The skies have gotten considerably darker at USA Network, but sometimes that’s a good thing. The NBCUniversal cable channel built its brand on “blue-sky” originals—sunny locales with main characters, flawed as they may be, trying to do right. But as Royal Pains concluded its eighth and final season and a new season of moody Mr. Robot starts July 13, USA has essentially closed the blue-sky book.
Jeff Wachtel, chief content officer of NBCUniversal Cable Entertainment, and president, Universal Cable Productions (UCP) and Wilshire Studios, calls it a “new phase” at USA and UCP—bigger budgets, more bingeable shows and an increased focus on how a series plays overseas.
Upcoming UCP premieres on USA include a fresh season of Suits on July 13 and new drama Shooter July 19, while season 2 of the Amy Poehler-produced Difficult People airs on Hulu July 12. Richard Rothstein, executive VP/head of current programming at Universal Cable Productions, has seen the darkening of the skies up close. “We always challenge ourselves to find the next thing,” Rothstein says, “and figure out where we’re going next.”
Mr. Robot was an unlikely hit, with an untested showrunner in Sam Esmail and a network not known for gloomy storytelling. Yet the show, about an introverted computer whiz working with a vigilante hacker collective, earned a Golden Globes for best drama and ranks high atop most critics’ you-need-to-see-this lists. UCP brass say Mr. Robot’s success centers on one core principle: Find talent with a big vision and distinctive voice and let them flourish without a lot of meddling. “We put our faith in artists with a very independent vision,” Wachtel says. “We invest them with the authority to make the shows they want to make.”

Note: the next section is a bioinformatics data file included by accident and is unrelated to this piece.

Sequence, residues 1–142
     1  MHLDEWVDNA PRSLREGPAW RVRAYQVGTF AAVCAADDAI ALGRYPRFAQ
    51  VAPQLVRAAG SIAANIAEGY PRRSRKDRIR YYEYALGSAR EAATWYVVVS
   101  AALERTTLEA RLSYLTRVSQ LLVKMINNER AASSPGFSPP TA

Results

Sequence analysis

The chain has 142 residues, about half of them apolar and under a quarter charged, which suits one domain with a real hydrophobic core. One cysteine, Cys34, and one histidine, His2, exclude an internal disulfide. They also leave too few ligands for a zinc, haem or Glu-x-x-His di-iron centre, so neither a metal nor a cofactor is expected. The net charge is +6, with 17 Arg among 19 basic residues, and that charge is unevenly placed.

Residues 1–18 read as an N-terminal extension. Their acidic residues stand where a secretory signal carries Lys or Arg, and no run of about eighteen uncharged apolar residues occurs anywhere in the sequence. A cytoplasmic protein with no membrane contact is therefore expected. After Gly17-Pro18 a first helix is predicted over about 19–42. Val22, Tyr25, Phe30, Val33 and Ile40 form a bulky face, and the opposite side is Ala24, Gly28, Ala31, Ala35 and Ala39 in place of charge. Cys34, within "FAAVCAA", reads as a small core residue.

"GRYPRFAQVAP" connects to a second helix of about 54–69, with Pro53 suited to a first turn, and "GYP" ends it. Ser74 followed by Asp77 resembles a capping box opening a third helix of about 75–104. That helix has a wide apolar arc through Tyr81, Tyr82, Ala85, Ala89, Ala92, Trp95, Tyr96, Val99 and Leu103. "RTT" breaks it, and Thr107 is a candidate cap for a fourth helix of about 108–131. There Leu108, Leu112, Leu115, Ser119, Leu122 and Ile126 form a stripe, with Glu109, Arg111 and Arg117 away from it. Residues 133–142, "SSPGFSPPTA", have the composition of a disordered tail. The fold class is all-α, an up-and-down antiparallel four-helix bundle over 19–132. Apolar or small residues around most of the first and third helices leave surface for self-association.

Royal Pains, which has averaged 2.6 million viewers this season, reached 100 episodes last month. Wachtel acknowledges that the milestone, once the promised land for off-network riches, isn’t what it used to be in a world where SVOD players will acquire rights to a series with a much slimmer library. As a result, he says, series play to their natural conclusions, driven by story lines instead of syndication-minded finish lines.
Royal Pains represents both the old USA philosophy and the new—a main character with layers of do-gooder and demons and a visually appealing locale in Long Island’s Hamptons. Rothstein describes it as a “beach novel told on screen.” Blue sky isn’t necessarily dead within UCP. Rothstein notes that viewers seeking that lighter touch can find it elsewhere in NBCU’s cable stable with shows including The Royals on E! and Girlfriend’s Guide to Divorce on Bravo.
Mr. Robot averaged 2.74 million viewers last season—hardly a Walking Dead number, but an encouraging foundation. Wachtel and Rothstein acknowledge the weight of expectations on season 2 but are eager to give it a go. Whatever happens this summer, the show has made its mark at USA and UCP. “It’s really opened us up to a lot of other talent out there,” says Rothstein, mentioning projects from Gale Anne Hurd and Ben Affleck/Matt Damon. “Opportunities have presented themselves, and that’s exciting.”
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